In the meantime, here’s a list of the other professionals that are stepping up and pushing us forward. Let’s see what’s exciting them:

If you’re interested in joining in the #ArchiTalks fun for future posts leave a comment in the Speak Your Mind area below and I’ll make sure you’re including on the email chain going forward.

My goal is to start an open dialogue and let Architect of the Internet be a forum where we can all learn to have success in the business of architecture through Social Media.


About Jeff Echols

Jeff Echols is the creative Storyteller for Award-Winning architecture firms and the Social Media Campaign Manager for industry professionals. He is a graduate of Ball State University with over 20 years’ experience in the marketing departments of firms ranging from three to three thousand employees.

Jeff spends countless hours studying, developing and implementing strategies for insuring marketing success for Architects and other business owners in the online arena. He documents the good, the bad and the ugly in Social Media at Architect of the Internet and speaks about Conquering Social Media in venues ranging from the Board Room to the Convention Stage.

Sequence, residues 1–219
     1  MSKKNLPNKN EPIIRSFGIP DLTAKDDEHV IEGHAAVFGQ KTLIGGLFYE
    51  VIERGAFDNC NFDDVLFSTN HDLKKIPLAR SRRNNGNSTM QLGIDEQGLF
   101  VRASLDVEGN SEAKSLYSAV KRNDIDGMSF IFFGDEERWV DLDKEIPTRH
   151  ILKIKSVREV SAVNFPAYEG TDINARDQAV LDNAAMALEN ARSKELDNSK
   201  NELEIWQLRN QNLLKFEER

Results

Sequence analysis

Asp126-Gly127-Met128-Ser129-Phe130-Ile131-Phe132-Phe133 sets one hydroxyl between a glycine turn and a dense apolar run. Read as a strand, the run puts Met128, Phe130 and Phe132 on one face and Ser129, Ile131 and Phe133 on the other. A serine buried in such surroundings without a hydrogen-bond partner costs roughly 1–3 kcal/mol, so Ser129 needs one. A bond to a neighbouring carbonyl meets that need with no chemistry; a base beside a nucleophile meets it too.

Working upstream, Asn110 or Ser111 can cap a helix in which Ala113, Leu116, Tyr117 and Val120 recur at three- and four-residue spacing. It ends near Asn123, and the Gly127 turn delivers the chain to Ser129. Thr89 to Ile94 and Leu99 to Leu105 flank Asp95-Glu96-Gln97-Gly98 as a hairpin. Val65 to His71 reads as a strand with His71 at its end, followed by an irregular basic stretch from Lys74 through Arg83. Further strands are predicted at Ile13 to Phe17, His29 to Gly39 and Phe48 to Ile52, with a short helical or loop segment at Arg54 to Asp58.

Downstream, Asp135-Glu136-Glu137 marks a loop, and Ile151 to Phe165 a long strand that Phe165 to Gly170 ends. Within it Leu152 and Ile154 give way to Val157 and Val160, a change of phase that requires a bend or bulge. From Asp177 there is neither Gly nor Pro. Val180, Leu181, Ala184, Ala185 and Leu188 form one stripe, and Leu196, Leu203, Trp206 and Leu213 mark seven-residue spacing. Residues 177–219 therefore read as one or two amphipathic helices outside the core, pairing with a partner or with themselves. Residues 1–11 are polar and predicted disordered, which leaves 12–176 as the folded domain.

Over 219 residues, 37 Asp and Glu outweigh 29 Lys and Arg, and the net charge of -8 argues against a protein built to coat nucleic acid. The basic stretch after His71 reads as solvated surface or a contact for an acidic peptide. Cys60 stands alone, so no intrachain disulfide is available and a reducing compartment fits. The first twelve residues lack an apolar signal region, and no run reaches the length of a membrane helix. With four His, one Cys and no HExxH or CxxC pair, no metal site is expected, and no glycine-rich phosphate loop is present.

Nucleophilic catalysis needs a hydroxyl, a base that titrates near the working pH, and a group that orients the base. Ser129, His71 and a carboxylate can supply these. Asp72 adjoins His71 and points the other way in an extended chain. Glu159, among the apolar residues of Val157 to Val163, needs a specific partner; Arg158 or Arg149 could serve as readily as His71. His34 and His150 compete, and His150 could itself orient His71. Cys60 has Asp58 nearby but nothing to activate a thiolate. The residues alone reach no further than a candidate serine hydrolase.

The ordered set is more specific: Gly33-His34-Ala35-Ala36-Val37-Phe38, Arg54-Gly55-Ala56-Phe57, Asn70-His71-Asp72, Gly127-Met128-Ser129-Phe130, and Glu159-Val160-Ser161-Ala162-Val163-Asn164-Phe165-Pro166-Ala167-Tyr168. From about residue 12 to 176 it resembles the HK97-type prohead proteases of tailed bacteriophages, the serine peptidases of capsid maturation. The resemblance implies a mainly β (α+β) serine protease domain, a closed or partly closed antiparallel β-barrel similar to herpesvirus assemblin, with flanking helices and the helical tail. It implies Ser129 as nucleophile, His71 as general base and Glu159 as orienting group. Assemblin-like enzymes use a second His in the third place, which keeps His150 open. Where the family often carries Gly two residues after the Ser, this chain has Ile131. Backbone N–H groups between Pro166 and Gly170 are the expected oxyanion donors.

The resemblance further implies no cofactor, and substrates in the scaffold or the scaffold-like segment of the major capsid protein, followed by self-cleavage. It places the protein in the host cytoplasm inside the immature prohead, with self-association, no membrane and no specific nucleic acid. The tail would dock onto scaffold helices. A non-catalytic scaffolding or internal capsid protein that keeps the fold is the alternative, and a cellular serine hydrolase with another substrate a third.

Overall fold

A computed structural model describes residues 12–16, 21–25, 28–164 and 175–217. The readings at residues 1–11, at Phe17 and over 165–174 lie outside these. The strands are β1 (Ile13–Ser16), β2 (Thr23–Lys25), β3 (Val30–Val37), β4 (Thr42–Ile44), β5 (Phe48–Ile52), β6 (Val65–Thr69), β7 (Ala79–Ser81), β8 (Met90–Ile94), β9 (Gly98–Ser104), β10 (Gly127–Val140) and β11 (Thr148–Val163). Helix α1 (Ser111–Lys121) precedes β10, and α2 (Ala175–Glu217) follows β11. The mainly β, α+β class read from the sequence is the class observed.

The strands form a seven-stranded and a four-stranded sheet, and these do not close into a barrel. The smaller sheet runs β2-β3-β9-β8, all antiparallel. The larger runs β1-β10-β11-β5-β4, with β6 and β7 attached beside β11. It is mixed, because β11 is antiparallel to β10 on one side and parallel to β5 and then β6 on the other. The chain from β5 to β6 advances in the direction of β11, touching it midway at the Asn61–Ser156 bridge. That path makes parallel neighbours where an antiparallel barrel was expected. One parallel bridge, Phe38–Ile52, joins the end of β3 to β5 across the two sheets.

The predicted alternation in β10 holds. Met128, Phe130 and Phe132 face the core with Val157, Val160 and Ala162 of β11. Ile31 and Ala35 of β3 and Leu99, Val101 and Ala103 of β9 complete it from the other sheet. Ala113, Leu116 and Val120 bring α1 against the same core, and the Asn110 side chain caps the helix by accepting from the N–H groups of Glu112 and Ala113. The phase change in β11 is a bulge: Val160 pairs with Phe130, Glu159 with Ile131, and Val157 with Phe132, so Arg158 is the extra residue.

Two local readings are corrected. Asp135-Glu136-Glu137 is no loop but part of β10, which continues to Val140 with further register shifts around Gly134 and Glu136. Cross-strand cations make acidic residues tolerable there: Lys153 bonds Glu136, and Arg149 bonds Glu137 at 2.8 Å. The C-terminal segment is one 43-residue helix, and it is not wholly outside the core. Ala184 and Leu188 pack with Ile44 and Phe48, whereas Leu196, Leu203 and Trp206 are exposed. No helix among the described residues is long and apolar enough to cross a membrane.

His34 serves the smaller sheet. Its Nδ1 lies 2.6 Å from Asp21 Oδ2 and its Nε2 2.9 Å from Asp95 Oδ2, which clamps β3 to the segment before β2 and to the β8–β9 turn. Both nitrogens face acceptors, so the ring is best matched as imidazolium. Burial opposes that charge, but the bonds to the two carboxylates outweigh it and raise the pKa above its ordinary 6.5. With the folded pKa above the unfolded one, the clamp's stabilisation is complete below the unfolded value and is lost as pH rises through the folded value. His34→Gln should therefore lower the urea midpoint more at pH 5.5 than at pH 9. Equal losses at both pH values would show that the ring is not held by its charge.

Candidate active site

1. Great thoughts, Jeff! It always comes back to the story, doesn’t it?

    • It’s always about the story Lora! Is your story the story of rags to riches or even the hard luck life? Is your’s the story of being born with a silver spoon? Whatever your story is begins to define what your Real World is. Thanks for your comment. – Jeff

  2. Andrew Hawkins says:

    Interesting perspective and nice to tie all of those recent vents together. I for one was not amused by Gehry’s comments on his fellow architects. But he is entitled. In every sense of the word I think. But I do agree that is seems like the real world is always changing to be in the same place. Something about history repeating itself.